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Japan’s Worsening Economic and Fiscal Crisis

February 23rd, 2011 Comments off

Japan, now the third largest economy in the world (China has recently assumed the spot of number two) is continuing to accrue worrying economic metrics.  For the first time in nearly two years, export-dependent Japan incurred a trade deficit. According to Tokyo, the nation incurred a $5.7 billion negative trade balance in January. The trade figures, however, were not the only troubling development on  Japan’s economic front.

Moody’s has just lowered Japan’s debt rating from stable to negative. This comes in the wake of Standard & Poor’s downgrading Japanese public debt from AA to AA-.  Japan has the developed world’s highest  ratio of public debt to GDP, a figure approaching 200 percent. These recent developments portend the growing risk of a sovereign debt crisis confronting Tokyo.  A growing number of investment fund managers are warning that the current trajectory of Japan’s public debt and annual government deficits is unsustainable. Could Japan become the Greece and Ireland of the Far East? These negative metrics, in conjunction with Japan’s aging  and declining population, point to a deepening economic and fiscal crisis for the land of the rising sun.

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Japan’s Economy in Crisis: Growth in Q2 Shrinks to Near Zero

August 16th, 2010 Comments off

Japan’s economy is in very deep crisis. The latest figures, reflecting economic performance from the April-June period, reveal official growth at a mere 0.1 percent, according to Japan’s Cabinet Office. This is far worse than even the miserable 0.6 percent that had been forecasted by economists.

The Q2 figures show that Japan is effectively back in an L shaped recession, plagued by domestic price deflation, shrinking internal demand despite massive debt-financed stimulus spending by the government, coupled to an export-killing appreciation in the value of the yen. In sum total, the world’s 2nd or 3rd largest economy (depending on how much trust one has in official Chinese government GDP statistics) is in a terrible state. And that is without even factoring in the growing probability that Tokyo will face a severe sovereign fiscal crisis. That is no mere conjecture; Japan’s prime minister has already warned that his country could face a public debt catastrophe as severe as in Greece.

If Japan is in dire economic straits, it is clear that the global economic crisis  is far from ending.

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Japanese Economic and Debt Crisis: Is Japan the Next Greece?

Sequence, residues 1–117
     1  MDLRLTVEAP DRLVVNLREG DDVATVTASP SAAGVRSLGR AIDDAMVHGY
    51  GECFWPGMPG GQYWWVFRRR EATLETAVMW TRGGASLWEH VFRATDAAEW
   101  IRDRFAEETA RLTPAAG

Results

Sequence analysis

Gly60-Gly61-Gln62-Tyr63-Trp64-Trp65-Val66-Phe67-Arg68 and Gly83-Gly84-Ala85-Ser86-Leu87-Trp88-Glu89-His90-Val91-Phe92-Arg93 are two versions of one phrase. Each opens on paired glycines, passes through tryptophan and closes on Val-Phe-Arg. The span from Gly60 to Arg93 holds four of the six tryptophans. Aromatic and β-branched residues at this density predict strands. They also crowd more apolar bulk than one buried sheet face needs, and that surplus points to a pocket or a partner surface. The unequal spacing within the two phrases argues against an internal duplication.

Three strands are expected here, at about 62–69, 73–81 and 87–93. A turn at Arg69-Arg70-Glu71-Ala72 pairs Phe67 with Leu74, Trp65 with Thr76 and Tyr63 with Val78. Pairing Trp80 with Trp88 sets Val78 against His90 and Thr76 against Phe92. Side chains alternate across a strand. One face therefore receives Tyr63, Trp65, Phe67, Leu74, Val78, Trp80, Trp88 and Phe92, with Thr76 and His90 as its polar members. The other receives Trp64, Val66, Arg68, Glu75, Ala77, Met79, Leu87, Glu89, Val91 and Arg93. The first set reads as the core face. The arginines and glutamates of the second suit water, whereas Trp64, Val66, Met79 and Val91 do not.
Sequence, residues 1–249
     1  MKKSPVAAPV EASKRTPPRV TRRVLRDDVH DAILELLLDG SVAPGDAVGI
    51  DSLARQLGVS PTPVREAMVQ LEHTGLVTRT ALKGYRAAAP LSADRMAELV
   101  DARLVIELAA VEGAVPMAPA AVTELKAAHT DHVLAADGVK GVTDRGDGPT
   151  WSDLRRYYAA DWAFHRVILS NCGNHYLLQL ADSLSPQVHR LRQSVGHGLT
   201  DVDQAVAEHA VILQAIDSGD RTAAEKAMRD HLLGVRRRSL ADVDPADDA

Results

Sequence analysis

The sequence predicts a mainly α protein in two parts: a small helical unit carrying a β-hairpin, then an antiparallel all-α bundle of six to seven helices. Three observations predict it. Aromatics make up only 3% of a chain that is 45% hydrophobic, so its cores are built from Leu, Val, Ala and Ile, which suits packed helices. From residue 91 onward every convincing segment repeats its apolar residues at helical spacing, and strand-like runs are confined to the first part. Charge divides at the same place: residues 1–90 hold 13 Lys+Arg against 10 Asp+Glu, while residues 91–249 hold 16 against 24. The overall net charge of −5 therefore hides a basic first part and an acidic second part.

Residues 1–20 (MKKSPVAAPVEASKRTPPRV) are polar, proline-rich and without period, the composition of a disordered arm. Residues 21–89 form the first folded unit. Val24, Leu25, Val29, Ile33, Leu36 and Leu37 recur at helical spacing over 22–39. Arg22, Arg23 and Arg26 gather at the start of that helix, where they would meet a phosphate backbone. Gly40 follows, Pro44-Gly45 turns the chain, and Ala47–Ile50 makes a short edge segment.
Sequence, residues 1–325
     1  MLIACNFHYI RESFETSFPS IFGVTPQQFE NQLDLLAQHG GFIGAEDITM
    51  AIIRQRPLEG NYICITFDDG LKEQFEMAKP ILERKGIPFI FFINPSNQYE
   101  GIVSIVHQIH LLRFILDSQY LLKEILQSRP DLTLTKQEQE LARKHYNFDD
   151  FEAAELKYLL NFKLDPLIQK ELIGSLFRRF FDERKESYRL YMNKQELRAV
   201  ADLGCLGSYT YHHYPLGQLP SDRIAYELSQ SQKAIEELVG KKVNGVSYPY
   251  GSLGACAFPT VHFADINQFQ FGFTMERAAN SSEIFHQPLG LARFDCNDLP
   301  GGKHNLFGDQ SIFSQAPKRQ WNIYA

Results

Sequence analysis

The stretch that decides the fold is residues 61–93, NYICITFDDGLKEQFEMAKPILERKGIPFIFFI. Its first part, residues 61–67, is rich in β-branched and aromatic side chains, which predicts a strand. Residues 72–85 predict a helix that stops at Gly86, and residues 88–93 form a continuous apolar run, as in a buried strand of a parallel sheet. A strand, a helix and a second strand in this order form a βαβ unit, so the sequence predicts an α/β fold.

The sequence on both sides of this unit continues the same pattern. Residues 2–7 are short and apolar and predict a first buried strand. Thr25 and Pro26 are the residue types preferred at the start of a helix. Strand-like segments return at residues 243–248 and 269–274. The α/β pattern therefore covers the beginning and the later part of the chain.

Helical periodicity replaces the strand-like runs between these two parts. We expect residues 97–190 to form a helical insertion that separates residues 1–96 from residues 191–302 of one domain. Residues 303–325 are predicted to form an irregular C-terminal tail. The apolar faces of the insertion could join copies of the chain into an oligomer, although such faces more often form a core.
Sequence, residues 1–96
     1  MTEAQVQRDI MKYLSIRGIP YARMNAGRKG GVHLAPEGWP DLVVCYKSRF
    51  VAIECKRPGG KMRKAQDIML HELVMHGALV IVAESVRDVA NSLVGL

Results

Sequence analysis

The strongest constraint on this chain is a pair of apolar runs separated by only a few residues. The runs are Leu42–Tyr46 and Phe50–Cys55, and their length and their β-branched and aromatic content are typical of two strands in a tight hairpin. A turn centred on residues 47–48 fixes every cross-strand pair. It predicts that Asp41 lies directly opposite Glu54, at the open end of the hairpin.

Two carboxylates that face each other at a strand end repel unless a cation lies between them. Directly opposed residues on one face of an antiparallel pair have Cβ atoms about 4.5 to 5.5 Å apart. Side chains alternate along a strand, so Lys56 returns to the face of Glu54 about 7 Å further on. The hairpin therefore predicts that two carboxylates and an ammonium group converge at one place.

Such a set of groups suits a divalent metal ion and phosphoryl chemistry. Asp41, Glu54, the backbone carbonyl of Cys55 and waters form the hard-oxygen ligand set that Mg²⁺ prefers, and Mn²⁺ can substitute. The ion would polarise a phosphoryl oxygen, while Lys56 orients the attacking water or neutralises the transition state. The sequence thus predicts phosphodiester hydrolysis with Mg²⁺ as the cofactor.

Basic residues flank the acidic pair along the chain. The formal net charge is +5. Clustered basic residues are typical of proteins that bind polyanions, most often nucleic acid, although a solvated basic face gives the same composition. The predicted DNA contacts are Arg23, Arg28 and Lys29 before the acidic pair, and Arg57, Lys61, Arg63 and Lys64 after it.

June 14th, 2010 Comments off

With a public debt to GDP ratio of about 200%, Japan is the most indebted major economy in the world. If this were the public debt ratio of the United States or the UK, both nations would be experiencing a catastrophic sovereign debt crisis. If this was the public debt correlation in Greece, Athens would already be insolvent and for sale. But until now, Tokyo had the luxury of incurring increasingly heavy debt loads, owing to a nation of patriotic savers willing to loan the government money at absurdly low interest rates. But no longer.

Japan’s workers are being squeezed, and have less income to save. The demographic time bomb, with an aging and decreasing population, means that a point will soon approach when Tokyo must sell the bulk of its bonds in the international sovereign debt marketplace, in competition with America, the UK and Eurozone. Needless to say, the interest rates Japan will have to borrow at will be vastly higher than at present.

Japan’s latest  Prime Minster, in a revolving door of national leaders that plague the country, is Naoto Kan. He recently stated that, “Our country’s outstanding public debt is huge. Our public finances have been the worst of any developed country.”

Kan added that Japan risked becoming the next Greece. Some observers claim that he was exaggerating Japan’s fiscal and debt problems in order to depreciate the value of the yen. However, I don’t think the new Japanese  prime minister was overstating the Japanese debt crisis. He was merely being prophetic. I will only add that Japan’s debt problem is more than a national crisis; it threatens the entire global fiscal architecture. Throw Japan’s massive debt requirements into the global sovereign bond market and yields for all the other indebted nations will spike through the proverbial roof.

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